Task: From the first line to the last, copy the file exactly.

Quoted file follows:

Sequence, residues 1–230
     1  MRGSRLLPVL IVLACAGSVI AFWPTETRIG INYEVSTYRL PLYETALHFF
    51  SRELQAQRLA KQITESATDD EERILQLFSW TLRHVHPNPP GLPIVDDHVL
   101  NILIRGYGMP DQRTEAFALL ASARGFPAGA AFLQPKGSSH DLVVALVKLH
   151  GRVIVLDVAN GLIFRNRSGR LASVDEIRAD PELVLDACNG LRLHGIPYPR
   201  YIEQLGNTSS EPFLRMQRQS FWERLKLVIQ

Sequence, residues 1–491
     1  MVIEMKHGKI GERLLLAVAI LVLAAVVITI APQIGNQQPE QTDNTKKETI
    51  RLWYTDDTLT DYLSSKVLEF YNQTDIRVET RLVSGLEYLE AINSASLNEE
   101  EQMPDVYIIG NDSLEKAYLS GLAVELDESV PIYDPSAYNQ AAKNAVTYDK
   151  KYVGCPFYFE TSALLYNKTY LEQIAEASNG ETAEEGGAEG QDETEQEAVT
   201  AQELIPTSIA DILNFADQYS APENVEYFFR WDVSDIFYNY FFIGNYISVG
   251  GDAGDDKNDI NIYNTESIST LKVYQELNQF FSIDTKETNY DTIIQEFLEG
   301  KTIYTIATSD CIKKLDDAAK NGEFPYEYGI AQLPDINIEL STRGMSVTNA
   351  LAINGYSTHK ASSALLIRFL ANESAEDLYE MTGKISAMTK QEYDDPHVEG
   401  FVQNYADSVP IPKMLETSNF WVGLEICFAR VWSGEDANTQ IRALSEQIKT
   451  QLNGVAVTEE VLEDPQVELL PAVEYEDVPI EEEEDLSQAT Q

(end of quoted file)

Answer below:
Sequence, residues 1–230
     1  MRGSRLLPVL IVLACAGSVI AFWPTETRIG INYEVSTYRL PLYETALHFF
    51  SRELQAQRLA KQITESATDD EERILQLFSW TLRHVHPNPP GLPIVDDHVL
   101  NILIRGYGMP DQRTEAFALL ASARGFPAGA AFLQPKGSSH DLVVALVKLH
   151  GRVIVLDVAN GLIFRNRSGR LASVDEIRAD PELVLDACNG LRLHGIPYPR
   201  YIEQLGNTSS EPFLRMQRQS FWERLKLVIQ

Sequence, residues 1–491
     1  MVIEMKHGKI GERLLLAVAI LVLAAVVITI APQIGNQQPE QTDNTKKETI
    51  RLWYTDDTLT DYLSSKVLEF YNQTDIRVET RLVSGLEYLE AINSASLNEE
   101  EQMPDVYIIG NDSLEKAYLS GLAVELDESV PIYDPSAYNQ AAKNAVTYDK
   151  KYVGCPFYFE TSALLYNKTY LEQIAEASNG ETAEEGGAEG QDETEQEAVT
   201  AQELIPTSIA DILNFADQYS APENVEYFFR WDVSDIFYNY FFIGNYISVG
   251  GDAGDDKNDI NIYNTESIST LKVYQELNQF FSIDTKETNY DTIIQEFLEG
   301  KTIYTIATSD CIKKLDDAAK NGEFPYEYGI AQLPDINIEL STRGMSVTNA
   351  LAINGYSTHK ASSALLIRFL ANESAEDLYE MTGKISAMTK QEYDDPHVEG
   401  FVQNYADSVP IPKMLETSNF WVGLEICFAR VWSGEDANTQ IRALSEQIKT
   451  QLNGVAVTEE VLEDPQVELL PAVEYEDVPI EEEEDLSQAT Q